Under the supervision of a neuroscientist, a robot carefully implants ultra-fine threads, finer than hair, into the brain of its subject to collect neuron activity and using this data to control machines. This is the new project of mysterious Neuralink, an American neurotechnology company founded by Elon Musk and recently revealed by Musk himself on 16 July.
According to Musk, the company has experimented on 19 animals including monkeys and rats, reporting a success of 87%, and gathering information from 1500 neurons, all at once using fibres in their brains implanted by drilling 8mm holes in their skulls. These wires transmitted data to an implant behind the ear, which transferred the information to a computer.
Now, it aspires to use humans in its experiments by the second quarter of 2020. However, the company may need to justify to the Food and Drug Administration (FDA), an agency responsible for public health, why they think these experiments are important enough to have human subjects. According to Musk, this technology allows humans’ greater involvement in the digital world and will help them to compete with AI in a world where artificial intelligence has surpassed them. According to Matthew McDougal, Neuralink’s head neurosurgeon, the system will only be used in helping people who suffer from unmet medical diseases. Whichever of the two, Neuralink needs to convince the FDA to be able to have human subjects in their experiments.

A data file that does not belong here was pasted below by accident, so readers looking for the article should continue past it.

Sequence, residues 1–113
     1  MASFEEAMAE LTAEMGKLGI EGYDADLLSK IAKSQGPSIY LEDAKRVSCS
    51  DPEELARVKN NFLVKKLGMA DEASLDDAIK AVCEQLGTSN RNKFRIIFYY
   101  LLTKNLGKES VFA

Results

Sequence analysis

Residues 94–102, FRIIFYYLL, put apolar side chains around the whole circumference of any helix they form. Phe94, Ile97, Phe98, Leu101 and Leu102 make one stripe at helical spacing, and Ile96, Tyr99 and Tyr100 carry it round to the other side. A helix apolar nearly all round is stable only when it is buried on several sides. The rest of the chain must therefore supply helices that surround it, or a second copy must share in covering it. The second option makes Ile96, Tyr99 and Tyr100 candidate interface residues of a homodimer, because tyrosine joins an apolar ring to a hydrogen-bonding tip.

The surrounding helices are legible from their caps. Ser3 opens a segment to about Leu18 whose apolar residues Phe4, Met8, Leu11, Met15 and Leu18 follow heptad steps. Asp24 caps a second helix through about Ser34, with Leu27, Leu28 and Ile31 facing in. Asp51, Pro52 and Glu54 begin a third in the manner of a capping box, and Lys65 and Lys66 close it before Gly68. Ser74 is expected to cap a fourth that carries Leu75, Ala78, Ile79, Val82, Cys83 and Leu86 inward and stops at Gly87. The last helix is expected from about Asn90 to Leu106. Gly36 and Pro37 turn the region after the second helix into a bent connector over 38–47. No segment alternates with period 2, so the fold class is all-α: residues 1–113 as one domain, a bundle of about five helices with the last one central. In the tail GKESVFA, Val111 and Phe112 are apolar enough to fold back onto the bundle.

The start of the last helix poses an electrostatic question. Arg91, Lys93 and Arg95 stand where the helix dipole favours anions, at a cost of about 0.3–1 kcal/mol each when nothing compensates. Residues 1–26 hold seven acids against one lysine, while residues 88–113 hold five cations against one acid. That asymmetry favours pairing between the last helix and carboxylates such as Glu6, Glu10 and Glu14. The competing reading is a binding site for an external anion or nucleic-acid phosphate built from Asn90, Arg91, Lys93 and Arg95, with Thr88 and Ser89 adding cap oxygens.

This news is covered by Zainab Mubasher.